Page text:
It was our permanent presence in Europe that gave EUCOM the ability to respond immediately after Russian troops illegally occupied Crimea. Soldiers from the 173rd Airborne Brigade in Germany deployed to the Baltic States and Poland within 96 hours of receiving their mission. And our F-15s from Lakenheath, England began flying missions out of Poland within 18 hours of mission receipt.That same permanent presence ensures that EUCOM can play a full array of essential supporting roles for other Combatant Commands – from neighboring AFRICOM and CENTCOM, to STRATCOM and TRANSCOM.
Rotational presence is not a substitute for permanent forward presence in building relationships or signaling our commitment. A fully funded rotational presence can play an important role in helping meet the requirements in our theater – but only if it is heel-to-toe and properly resourced.
Second – sufficient intelligence support.
Since the end of the Cold War, our nation’s community of Russian area experts has shrunk considerably, and intelligence assets of all kinds have been shifted to the wars we’ve been fighting or to understanding potential future threats.
Russian military operations over the past year, in Ukraine and in the region more broadly, have underscored that there are critical gaps in our collection and analysis. Some Russian military exercises have caught us by surprise, and our textured feel for Russian involvement on the ground in Ukraine has been quite limited.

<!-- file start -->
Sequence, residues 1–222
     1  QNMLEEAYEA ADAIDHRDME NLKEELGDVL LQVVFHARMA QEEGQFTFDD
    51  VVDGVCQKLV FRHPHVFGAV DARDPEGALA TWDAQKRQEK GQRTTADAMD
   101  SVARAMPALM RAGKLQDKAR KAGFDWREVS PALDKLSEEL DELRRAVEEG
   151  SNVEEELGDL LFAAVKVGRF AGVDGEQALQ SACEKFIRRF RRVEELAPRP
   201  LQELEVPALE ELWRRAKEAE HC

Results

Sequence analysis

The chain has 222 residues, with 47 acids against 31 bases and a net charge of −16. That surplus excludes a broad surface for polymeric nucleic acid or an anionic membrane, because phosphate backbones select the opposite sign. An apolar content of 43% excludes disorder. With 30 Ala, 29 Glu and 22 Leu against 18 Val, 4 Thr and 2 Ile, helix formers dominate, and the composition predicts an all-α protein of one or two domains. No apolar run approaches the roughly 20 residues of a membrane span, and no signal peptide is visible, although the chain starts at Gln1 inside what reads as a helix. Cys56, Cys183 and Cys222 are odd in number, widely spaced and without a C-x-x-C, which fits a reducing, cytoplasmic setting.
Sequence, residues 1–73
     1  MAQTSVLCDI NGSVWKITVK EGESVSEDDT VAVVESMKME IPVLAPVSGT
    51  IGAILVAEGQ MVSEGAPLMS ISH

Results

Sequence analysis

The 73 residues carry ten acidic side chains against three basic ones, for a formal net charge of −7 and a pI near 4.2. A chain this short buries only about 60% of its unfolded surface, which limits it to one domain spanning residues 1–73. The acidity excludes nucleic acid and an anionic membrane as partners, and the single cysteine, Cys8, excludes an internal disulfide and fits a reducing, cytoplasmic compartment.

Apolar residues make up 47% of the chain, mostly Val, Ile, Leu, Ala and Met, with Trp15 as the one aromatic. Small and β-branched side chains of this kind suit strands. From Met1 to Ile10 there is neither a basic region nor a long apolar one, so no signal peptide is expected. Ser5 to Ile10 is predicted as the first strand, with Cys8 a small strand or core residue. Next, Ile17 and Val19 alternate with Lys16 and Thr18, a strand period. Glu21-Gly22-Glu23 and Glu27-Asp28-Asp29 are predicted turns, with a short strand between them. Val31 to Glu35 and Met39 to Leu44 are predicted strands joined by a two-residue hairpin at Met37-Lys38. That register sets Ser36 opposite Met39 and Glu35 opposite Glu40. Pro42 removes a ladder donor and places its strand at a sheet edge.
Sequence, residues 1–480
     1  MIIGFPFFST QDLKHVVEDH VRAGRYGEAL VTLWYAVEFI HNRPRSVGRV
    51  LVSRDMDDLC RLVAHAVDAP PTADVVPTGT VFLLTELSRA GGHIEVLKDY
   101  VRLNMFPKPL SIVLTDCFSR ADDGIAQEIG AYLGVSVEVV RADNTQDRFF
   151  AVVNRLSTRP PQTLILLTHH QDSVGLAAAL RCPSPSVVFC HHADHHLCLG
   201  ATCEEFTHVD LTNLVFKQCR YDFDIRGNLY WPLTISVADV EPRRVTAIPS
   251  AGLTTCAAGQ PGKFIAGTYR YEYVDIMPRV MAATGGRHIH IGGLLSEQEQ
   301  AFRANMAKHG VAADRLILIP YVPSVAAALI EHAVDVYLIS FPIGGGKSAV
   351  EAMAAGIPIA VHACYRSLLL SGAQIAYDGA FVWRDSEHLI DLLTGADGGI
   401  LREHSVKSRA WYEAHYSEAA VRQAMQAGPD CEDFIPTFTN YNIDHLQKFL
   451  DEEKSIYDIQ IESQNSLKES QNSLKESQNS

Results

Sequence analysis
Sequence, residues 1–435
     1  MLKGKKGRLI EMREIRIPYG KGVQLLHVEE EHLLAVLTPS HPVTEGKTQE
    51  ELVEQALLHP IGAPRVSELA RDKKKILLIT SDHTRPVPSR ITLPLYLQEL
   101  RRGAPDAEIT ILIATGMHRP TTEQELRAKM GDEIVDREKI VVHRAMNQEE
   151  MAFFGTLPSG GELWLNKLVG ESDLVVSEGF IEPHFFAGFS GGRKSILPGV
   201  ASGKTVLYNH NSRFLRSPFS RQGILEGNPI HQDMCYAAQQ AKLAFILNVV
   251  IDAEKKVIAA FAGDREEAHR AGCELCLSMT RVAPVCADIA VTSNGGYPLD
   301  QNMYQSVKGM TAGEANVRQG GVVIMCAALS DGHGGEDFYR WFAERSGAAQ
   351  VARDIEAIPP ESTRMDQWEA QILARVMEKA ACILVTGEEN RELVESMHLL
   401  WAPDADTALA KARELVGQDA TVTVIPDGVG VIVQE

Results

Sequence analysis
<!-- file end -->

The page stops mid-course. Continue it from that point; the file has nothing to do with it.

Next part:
Earlier indications and warning – and the ability to better understand Moscow’s thinking and intent – are absolutely critical for avoiding future surprise and miscalculation, for deterring effectively, and for preparing to respond if required. Getting this right requires more ISR, high-power analytical support, and appropriate intelligence-sharing with Allies and partners. The same holds true for effectively waging counter-terrorism and counter-ISIL operations in and through the European theater. A small investment in this capability could lead to a large return in our understanding of the complex challenges we face.